As liberal democracy winds down to a crash, people are looking for excuses to blame anything but the obvious, which is our bad choices based on the illusions inherent to our intent. Dr. Peter Turchin, for example, writes about an illusory collapse which is external and thus can be scapegoated, instead of facing our own culpability:
â€œElite overproduction generally leads to more intra-elite competition that gradually undermines the spirit of co-operation, which is followed by ideological polarisation and fragmentation of the political class,â€ he wrote.
â€œThis happens because the more contenders there are, the more of them end up on the losing side. A large class of disgruntled elite-wannabes, often well-educated and highly capable, has been denied access to elite positions.â€
And once we parse it, we see the truth: he is repeating the same ideas that were popular from the Peasant Revolts onward, that our problem is the differences between people, and not the obvious truth, which is the incompetence of most people and all people in committee-style groups.
The spirit of co-operation died with class warfare, and then was resurrected and killed again with the rise of diversity.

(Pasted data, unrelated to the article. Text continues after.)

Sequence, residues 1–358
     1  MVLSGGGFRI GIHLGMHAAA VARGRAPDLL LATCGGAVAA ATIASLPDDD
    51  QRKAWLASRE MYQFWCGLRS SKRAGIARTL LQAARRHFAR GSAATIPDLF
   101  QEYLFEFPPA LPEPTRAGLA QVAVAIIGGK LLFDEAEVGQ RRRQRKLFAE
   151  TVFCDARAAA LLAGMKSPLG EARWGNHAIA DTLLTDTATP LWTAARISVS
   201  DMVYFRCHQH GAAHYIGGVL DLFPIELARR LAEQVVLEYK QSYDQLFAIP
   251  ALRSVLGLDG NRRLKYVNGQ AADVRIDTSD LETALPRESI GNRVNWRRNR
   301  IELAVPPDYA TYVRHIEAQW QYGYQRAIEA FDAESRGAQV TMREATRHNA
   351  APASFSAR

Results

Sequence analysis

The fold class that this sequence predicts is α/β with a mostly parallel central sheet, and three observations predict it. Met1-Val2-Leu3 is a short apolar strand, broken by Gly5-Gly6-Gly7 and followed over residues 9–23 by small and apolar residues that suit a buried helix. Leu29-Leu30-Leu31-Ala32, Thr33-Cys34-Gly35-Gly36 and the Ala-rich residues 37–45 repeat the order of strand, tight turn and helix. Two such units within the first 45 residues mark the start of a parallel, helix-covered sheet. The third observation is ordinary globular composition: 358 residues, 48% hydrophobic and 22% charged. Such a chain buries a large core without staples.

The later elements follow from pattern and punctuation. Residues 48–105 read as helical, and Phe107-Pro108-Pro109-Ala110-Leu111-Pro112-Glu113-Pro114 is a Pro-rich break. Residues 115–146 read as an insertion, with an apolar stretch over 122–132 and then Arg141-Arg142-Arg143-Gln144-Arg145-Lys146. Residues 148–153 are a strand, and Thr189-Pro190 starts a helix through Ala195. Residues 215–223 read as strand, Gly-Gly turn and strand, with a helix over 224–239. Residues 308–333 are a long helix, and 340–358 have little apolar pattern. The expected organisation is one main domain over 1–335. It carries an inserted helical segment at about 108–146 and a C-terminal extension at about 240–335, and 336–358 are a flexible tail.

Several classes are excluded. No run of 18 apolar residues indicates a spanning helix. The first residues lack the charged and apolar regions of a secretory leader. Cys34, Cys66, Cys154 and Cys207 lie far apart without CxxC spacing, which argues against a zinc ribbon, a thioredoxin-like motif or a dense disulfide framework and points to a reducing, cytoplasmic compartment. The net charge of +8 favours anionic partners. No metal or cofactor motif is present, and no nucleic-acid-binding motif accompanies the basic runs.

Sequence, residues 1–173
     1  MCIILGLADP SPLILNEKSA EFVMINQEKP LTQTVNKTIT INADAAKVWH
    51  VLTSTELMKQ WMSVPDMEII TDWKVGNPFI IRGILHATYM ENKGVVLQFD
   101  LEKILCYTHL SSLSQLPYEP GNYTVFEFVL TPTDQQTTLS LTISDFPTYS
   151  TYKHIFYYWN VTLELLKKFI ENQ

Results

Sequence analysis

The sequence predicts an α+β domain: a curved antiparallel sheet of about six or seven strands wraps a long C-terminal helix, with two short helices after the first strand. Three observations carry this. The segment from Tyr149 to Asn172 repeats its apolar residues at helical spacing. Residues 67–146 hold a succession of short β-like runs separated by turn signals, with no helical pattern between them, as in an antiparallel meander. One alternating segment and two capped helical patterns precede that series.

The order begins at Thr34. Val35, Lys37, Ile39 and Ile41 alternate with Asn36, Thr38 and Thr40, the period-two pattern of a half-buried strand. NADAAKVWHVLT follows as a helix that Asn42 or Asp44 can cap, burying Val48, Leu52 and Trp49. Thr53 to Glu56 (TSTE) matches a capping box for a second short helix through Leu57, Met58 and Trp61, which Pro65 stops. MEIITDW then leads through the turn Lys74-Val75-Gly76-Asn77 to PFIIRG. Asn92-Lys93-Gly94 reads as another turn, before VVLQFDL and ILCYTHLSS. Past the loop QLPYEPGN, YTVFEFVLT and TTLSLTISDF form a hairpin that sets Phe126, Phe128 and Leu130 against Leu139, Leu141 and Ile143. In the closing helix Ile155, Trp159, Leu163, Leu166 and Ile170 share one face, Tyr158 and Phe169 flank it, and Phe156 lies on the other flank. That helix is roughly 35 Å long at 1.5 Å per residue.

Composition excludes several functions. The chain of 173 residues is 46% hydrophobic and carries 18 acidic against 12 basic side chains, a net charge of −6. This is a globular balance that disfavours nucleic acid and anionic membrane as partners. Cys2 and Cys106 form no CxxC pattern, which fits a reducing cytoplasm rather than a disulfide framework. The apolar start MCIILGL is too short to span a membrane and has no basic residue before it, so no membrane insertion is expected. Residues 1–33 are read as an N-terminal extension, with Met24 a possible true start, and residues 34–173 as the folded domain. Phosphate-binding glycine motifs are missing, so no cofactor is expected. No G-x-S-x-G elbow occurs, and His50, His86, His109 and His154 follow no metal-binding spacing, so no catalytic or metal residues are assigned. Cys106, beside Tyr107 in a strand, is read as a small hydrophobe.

Guilty parties can be found not among the natural elites, but among the proles. We The People is the problem. They pursued an illusion and it destroyed society, so now they are blaming the elites.
As always, there is partial truth here. Thanks to the Leftist war on competence, we have chosen new elites, and they are incompetent because they were selected for political reasons, not actual competence.
From this we get a new form of “inequality.” Those who join the Party become wealthy but have to spend their days on unimaginable tedium; those who resists are condemned to poverty, but often have more time to discover life itself.
In the meantime, society collapses, because neither voters nor elites really care at all about the outcomes of their actions.